ICC Chief Prosecutor Complains About Lack of Political Support for Darfur Arrest Warrants

by Julian Ku

I’ve long suggested that the ICC arrest warrants in Darfur will likely be forgotten or abandoned in favor of pursuing a comprehensive peace deal for Darfur. Earlier this week, Kevin pointed out U.N. Secretary General Ban-ki Moon did privately raise the issue of outstanding ICC arrest warrants for alleged Sudanese war criminals during his visit to Sudan. But recent comments by the ICC Chief Prosecutor Luis Moreno Ocampo suggest that the overall trend is toward a slow abandonment of the ICC (at least in Darfur). The LA Times reports:

The prosecutor for the International Criminal Court challenged world leaders Thursday to not leave criminal justice off the agenda as they convene at the U.N. to discuss Darfur.

Sudan has refused to hand over a government minister and a militia leader accused by the Hague-based world court in May of orchestrating mass killings in Darfur. Months later, prosecutor Luis Moreno-Ocampo says, he is more frustrated by the refusal of top United Nations officials and others to push for the arrests because they fear it would jeopardize pending peace talks and the deployment of peacekeepers.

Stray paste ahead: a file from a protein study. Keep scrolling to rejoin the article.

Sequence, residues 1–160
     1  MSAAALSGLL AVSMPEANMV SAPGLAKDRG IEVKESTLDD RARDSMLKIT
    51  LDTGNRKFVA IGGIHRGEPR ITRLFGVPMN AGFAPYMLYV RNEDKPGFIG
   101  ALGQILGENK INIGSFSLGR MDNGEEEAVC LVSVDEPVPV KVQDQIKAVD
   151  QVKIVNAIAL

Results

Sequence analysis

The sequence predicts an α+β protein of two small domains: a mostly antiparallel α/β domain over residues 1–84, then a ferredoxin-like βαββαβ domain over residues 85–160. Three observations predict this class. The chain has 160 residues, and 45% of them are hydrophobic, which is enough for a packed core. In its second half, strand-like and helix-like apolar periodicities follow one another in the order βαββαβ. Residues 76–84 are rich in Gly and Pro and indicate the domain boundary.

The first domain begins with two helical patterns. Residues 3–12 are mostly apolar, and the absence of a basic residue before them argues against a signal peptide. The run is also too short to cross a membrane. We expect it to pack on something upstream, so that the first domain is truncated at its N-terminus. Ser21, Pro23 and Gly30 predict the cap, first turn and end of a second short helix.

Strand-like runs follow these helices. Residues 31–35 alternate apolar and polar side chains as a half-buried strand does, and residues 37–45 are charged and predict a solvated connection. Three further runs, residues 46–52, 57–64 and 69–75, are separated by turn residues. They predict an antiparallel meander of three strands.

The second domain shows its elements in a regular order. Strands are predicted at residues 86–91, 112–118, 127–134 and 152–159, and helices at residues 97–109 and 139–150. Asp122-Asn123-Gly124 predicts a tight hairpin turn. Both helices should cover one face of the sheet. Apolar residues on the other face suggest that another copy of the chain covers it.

“When nobody is talking about the criminals and pressing for their arrest, Khartoum interprets that as a lack of resolve,” Moreno-Ocampo said in an interview. “We must break the silence.”

U.N. Secretary-General Ban Ki-moon said that in a visit to Darfur this month during which he met with Sudan’s president, Lt. Gen. Omar Hassan Ahmed Bashir, he discussed the arrest warrants with him twice. But Ban refused to describe Bashir’s response, citing the president’s right to confidentiality.

But U.N. officials familiar with the proceedings said that Bashir brushed Ban off by saying that Sudan was not a signatory to the world court and did not recognize its jurisdiction. Ban told colleagues he did not plan to raise the issue in today’s summit, which he is co-chairing, and believes that pressing Bashir would disrupt the personal rapport he is trying to build with the Sudanese president.

Sudan’s ambassador to the Hague told Moreno-Ocampo’s chief of staff that when the secretary-general’s most recent report on Darfur did not mention bringing the suspects to trial, Bashir realized the world court was “off the agenda.”

“He told us, ‘You are marginal now.’ And Bashir got much more confident,” Moreno-Ocampo said.


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